“Victory has a thousand fathers” (p. 107). What a great quote that aptly describes the reality of winning at war…and at business. Entrepreneurs don’t succeed on their own, great CEO’s don’t turn a company around alone, and leaders don’t complete a successful project without the insights and experience of those around them.

Who can forget the story of Henry Ford when he refused to build a Model T in any color other than black? The board of directors of the company had to force Ford out as CEO in order to respond to the wants of the public. Ford is arguably one of the best industrialists of the United States, yet he was so “married” to his vision of the Model T that he refused to accept advice that the public wanted more than just black. If it hadn’t been for the board, Ford Motor Company might have been a postscript in history.

When we as leaders don’t listen to the advice and objections of others, they are destined to be a postscript in the history of a company. Great leaders, in business, politics, or the military, are those that are wise enough to seek out the valued advice of others. When a team works together, the result is greater than the sum of the parts. Creative friction in the process of developing a plan can bring about a result that is better than if one person had designed it alone. But creative friction must be managed to ensure differences of opinions are focused on the ideas and not the person. And the members of the team must be mature enough to recognize a difference of opinion as just that, and not an attack on them personally. It took me awhile to become confident enough to accept a different view of what would be successful and what wouldn’t. Now that I am though, I seek out people who compliment my weaknesses. By finding someone that is good at what I am not makes us a stronger team. Too often leaders hire “cookie-cutter” versions of themselves – and we end up with cookie-cutter companies.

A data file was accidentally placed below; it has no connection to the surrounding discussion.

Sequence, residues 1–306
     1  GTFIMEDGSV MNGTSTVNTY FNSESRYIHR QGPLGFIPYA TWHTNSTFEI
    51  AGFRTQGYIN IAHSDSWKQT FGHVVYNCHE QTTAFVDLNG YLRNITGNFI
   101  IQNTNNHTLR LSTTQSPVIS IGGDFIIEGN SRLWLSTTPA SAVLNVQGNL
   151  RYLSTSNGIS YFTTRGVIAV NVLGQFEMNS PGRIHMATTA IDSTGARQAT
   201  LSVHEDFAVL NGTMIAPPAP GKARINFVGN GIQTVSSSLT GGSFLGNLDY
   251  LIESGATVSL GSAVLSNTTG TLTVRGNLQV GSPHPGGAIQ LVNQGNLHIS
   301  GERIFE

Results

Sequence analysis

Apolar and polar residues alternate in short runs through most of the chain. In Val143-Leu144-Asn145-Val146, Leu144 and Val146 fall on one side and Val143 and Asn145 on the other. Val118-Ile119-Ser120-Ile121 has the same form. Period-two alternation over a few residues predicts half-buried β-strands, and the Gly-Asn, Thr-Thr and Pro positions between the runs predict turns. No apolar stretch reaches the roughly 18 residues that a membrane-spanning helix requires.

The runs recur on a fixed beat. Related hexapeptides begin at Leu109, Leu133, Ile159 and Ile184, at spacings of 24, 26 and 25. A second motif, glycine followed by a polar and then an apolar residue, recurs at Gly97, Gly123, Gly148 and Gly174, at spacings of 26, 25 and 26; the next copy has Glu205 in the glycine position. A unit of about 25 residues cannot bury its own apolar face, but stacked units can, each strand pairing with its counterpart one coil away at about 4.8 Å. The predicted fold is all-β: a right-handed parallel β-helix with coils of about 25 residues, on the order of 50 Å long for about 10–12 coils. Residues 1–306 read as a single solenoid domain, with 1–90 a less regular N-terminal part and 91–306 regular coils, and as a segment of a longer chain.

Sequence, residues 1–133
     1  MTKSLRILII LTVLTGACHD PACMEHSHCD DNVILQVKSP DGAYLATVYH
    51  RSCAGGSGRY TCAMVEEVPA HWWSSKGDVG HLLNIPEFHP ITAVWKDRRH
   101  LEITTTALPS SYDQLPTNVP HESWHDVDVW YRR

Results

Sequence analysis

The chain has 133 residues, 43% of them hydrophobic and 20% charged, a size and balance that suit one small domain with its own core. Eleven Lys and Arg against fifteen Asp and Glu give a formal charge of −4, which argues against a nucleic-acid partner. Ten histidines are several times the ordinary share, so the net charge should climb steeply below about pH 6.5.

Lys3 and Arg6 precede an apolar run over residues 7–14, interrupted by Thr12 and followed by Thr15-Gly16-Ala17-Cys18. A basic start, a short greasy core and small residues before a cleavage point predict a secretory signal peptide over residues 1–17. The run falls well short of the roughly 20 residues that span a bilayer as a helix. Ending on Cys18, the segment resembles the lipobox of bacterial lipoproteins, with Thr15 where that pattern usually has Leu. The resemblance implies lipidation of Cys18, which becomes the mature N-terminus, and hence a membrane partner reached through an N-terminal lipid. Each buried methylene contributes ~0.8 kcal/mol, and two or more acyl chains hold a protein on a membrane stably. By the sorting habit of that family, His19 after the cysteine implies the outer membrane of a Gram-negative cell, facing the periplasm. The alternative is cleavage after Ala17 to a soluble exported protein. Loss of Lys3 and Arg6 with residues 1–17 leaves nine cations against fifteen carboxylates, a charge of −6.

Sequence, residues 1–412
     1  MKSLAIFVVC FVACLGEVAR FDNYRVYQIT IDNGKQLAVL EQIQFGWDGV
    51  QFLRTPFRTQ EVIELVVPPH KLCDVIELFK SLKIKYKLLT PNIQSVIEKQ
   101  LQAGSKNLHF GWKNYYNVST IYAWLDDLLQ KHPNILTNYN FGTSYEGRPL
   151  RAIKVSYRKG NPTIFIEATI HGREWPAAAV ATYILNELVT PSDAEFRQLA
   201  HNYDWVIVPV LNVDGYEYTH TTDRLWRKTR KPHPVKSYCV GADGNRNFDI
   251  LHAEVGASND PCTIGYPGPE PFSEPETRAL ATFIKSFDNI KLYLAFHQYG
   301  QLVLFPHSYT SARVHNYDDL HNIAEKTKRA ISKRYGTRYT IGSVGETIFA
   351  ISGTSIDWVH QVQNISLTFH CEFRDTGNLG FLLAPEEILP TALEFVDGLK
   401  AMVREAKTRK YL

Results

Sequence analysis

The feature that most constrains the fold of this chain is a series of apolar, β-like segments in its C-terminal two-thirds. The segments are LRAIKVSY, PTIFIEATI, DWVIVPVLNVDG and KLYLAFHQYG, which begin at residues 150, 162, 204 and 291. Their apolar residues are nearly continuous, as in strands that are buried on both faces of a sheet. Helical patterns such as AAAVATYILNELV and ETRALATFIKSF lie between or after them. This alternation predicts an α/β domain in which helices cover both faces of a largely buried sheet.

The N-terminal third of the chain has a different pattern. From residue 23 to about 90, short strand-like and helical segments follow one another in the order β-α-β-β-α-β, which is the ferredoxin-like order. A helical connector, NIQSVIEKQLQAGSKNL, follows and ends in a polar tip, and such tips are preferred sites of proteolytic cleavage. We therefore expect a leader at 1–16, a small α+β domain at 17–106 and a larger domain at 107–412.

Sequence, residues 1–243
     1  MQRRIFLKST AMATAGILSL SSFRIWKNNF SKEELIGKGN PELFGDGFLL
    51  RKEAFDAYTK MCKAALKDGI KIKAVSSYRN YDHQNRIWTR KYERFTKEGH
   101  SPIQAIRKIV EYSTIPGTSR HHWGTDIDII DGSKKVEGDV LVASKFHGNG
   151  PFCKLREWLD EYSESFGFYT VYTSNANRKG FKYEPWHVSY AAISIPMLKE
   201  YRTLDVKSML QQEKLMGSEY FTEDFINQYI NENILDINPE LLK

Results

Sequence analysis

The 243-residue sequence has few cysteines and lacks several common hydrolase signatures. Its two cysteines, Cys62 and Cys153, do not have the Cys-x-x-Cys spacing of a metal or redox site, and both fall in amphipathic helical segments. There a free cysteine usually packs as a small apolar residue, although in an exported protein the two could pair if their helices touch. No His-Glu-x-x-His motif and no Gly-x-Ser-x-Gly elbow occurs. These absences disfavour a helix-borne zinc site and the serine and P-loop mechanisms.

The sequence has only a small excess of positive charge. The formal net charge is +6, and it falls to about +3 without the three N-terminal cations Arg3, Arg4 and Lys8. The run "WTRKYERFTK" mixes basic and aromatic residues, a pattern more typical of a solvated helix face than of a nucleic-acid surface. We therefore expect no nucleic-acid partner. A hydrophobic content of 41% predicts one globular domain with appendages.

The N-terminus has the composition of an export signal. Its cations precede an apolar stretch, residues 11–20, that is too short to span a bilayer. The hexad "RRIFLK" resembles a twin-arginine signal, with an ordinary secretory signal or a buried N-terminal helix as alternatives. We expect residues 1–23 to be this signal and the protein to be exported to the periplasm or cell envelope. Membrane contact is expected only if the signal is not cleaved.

— Thomas, E. (2006). Sea of Thunder. New York, NY: Simon & Schuster.

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